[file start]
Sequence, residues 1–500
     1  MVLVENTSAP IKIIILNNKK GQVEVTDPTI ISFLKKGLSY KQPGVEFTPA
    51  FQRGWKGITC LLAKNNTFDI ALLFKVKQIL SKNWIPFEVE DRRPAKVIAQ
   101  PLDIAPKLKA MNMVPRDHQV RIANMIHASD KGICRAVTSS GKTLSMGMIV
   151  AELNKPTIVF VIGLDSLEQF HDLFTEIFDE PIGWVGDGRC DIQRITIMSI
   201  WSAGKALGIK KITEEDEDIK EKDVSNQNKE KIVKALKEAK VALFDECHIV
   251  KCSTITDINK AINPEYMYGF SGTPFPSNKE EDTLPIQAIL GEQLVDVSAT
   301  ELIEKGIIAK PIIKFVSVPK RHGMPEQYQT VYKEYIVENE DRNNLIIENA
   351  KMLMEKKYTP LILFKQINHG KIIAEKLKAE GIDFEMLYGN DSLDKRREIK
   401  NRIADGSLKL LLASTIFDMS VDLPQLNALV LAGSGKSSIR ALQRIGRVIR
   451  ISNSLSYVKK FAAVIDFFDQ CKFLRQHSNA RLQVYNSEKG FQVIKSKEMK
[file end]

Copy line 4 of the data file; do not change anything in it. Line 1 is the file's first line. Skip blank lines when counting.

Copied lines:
   101  PLDIAPKLKA MNMVPRDHQV RIANMIHASD KGICRAVTSS GKTLSMGMIV